There are several things wrong with the reconstruction seen above.
First, the location. Palace could not have been that close to the sea – under such conditions, sea will have broken against the foundations of the seaside wall, causing the entire southern wall of the palace, and both towers, to eventually collapse. Romans will have known this, though they will not have been aware of the fact that Adriatic coast is sinking as European continental plate is subsiding itself under African one. As such, palace will have been located some meters, or tens of meters, away from the sea shore during Diocletian’s time. Only the rising sea level will have brought it to the shoreline (indeed, nowadays the entrance to the cellars is below sea level).
Second, the greenery. There was no greenery on the walls, period. While Diocletian’s palace was indeed a retirement villa, it was also a military fortress designed to ensure emperor’s safety and peace in ever more chaotic world. As such, it had to be capable of defending itself.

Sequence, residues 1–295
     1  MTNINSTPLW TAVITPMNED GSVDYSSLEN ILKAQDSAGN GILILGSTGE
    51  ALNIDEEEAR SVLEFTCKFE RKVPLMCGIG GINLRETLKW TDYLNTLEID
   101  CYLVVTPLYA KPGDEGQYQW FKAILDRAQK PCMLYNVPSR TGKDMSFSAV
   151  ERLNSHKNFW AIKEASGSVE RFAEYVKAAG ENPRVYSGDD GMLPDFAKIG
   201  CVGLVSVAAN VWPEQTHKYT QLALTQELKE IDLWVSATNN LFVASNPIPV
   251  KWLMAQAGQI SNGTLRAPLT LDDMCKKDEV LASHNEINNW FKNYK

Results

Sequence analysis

Third, the towers. If one takes even a cursory look at the northeastern tower he will notice that the original construction rises only up to the level of the curtain wall. Anything above the level of the curtain wall is thus a later addition. Original towers will have been level with the wall, and also without a roof, but rather a terrace where artillery could be placed. This can be seen when looking at the fence atop the tower: there are three rows of stone blocks, yet windows at the level below start from the second row of blocks. Since there are no traces of windows at third row of blocks, there could not have been windows to begin with – and thus, no third level.